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Like a lot of other kids, I was raised by my grandmother. My mother was 15 years old when she got pregnant, and wholly incapable of doing it on her own. Not only did she face financial challenges, but she had mental health issues that she still struggles with to this day. I am grateful for her sacrifice. It was not easy to hand me over I’m sure.

I miss my grandmother and my father so much lately. I miss their stories most of all. I loved hearing my grandmother explain that she had one outfit yearly while she was in school. She washed and pressed it daily. Her right arm had a horrific twisted scar from her wrist to her elbow and although gruesome, the story she told about being a lucky family by having an electric washer changed her life when her arm got stuck in the wringer. She had 6 siblings and when one got in trouble, no one would admit who’d done the deed, so they all got whipped, they’d line up for this and one after the other get the paddle. So many stories we’re simple ones about being a young woman in the 1950s, she was a genius in painting a picture for me, I could see her walking down the street to Woolworths in her flared dress and hat to buy a lipstick she’d saved for for 2 weeks. I miss hearing those same, and other stories over and over.

My dad had different stories. Stories about the 1960’s. Stories about getting teargassed at concerts. Stories about music, about seeing Led Zeppelin in San Francisco, details about marching in protest, he expressed the empowerment he felt in trying to make a difference in this world. He was a blues guitarist, I got to hear the stories of famous people hed met and played with, what they were like, who they were as people.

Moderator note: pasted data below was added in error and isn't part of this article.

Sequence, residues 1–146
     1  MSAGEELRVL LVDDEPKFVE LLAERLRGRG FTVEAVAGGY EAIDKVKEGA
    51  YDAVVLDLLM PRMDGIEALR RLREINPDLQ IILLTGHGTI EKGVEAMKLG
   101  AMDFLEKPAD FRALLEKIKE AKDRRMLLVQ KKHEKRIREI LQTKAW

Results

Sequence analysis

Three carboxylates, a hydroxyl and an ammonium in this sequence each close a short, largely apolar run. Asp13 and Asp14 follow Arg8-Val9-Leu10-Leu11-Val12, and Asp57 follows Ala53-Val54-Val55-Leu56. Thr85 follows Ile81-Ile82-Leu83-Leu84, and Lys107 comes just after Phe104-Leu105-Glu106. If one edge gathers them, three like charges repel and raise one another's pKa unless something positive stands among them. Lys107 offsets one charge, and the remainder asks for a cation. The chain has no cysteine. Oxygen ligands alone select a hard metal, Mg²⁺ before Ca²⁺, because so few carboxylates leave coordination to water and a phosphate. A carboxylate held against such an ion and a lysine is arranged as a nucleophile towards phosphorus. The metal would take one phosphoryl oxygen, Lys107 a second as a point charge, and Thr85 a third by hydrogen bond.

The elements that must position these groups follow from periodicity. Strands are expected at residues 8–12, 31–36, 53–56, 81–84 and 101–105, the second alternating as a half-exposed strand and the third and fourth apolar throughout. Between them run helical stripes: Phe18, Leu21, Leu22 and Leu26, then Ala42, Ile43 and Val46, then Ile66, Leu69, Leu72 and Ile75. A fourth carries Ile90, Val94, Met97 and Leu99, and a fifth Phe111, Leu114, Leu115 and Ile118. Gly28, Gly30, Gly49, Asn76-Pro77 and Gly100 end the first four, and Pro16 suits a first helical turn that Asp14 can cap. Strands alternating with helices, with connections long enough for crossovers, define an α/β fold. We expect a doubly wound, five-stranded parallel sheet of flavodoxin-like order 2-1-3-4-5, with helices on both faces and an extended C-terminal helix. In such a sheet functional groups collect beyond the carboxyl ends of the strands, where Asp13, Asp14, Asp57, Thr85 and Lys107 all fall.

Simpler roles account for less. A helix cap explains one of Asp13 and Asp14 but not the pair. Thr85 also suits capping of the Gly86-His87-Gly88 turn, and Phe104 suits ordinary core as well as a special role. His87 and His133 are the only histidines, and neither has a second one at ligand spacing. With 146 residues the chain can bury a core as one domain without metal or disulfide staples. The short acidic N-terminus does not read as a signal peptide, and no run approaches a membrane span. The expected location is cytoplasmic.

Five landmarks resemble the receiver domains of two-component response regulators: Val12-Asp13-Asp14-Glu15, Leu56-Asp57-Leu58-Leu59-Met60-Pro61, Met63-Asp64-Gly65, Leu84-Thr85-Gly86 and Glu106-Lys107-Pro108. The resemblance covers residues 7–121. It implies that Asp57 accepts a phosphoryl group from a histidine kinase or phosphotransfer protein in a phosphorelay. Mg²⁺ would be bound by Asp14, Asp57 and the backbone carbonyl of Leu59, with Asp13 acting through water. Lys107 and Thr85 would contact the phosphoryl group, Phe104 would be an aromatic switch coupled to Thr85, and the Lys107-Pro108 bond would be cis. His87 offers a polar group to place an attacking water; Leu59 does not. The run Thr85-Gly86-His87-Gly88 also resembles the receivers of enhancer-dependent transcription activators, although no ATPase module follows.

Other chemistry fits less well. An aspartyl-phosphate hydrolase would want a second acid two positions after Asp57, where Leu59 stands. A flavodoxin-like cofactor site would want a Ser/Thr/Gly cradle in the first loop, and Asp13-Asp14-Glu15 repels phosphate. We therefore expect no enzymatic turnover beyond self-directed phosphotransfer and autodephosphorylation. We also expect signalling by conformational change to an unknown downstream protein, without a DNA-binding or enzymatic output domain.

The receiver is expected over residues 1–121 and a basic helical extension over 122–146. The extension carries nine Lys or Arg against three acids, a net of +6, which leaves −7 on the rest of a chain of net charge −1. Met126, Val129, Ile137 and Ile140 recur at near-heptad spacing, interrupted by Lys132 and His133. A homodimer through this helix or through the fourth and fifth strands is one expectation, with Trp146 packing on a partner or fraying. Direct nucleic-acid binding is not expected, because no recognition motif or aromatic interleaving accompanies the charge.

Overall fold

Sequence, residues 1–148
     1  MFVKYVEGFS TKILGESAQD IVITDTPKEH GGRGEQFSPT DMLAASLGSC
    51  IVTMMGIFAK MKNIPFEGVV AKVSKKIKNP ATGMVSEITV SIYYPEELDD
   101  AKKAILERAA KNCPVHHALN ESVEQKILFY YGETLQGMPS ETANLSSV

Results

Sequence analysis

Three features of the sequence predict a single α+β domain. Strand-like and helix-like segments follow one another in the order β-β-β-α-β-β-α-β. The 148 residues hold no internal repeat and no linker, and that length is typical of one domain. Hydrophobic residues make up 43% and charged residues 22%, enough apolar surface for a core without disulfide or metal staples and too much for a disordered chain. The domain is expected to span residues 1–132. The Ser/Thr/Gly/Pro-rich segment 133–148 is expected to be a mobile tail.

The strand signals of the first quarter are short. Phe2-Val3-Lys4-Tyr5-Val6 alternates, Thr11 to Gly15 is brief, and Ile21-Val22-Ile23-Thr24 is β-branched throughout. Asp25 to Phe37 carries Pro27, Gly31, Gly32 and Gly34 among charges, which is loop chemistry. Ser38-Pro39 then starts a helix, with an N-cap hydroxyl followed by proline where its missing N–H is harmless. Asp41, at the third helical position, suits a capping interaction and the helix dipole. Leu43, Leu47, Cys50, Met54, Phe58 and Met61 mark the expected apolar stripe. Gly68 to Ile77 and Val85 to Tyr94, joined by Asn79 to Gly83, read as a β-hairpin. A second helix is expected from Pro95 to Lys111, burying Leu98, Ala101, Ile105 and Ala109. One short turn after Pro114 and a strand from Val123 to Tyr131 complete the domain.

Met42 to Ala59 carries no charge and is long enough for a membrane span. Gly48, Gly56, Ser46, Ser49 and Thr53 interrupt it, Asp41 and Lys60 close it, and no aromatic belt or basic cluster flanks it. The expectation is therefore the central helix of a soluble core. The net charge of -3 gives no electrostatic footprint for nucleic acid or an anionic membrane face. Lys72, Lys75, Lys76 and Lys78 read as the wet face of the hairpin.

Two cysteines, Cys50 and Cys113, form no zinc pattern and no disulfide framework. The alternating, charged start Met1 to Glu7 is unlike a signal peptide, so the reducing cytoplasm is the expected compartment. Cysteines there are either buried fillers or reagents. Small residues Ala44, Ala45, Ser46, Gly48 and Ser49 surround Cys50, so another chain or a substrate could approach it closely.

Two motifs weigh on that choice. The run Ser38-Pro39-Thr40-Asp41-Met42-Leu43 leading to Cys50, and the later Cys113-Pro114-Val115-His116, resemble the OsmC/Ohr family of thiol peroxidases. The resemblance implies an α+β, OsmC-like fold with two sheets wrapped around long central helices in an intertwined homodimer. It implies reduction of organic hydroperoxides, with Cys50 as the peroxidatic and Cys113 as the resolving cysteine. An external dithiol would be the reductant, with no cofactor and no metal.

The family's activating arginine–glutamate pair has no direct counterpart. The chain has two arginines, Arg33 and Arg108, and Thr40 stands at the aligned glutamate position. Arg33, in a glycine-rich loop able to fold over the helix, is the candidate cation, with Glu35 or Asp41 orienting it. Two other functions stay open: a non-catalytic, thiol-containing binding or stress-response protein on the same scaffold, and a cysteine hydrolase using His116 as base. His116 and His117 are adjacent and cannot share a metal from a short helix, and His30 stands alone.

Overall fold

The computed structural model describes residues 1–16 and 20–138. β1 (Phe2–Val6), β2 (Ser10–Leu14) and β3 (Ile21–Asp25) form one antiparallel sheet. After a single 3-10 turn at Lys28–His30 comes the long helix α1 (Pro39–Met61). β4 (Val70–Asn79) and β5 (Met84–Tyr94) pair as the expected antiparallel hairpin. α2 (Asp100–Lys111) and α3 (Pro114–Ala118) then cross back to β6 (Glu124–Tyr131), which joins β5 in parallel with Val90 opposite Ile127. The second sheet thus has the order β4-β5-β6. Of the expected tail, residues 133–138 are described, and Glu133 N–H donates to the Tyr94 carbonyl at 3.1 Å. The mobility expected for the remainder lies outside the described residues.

I had 6 uncle’s, 3 from each side. I heard stories of bravery from my uncle who was a Marine. I heard stories from all of them.

My grandfather too had stories, how my family moved from Oklahoma during the dust bowl, just to end up in a shack city picking fruit, and spending all of their daily wages at the company store. Unable to get ahead he ended up working in Bakersfield in the oil fields. 

The other day I was telling a friend about my first punk concert in Denver, it was The Damned at Rainbow Music Hall, and how much concerts have changed. I told her about a Corrosion of Conformity show in SLC,  how I stage dived and bruised my cheek on a friend’s spiked jacket. I told her about cruising State Street(now illigal in our city), about the cars, the music, picking up boys, how the paddy wagon cleared us all out at 2 a.m. 

“I love your stories” she told me.

I realized that yes, I too have stories. I can tell people about growing up in the 1970s and 80s. I can talk about the punk scene in Salt Lake and Denver, where my parents lived. I was shuffled back and forth in the summer months and because my dad was a local musician I was always back stage at some punk or metal show. I have some woppers about the absolute debouchery of rock stars, my punk idols, and that time in general.

I am glad I listened to their stories. I am grateful I too am a story teller. It’s surprising to me that i didn’t realize I hold the stories of my generation, just like they did. I hope people find them as interesting as I found my family’s tales.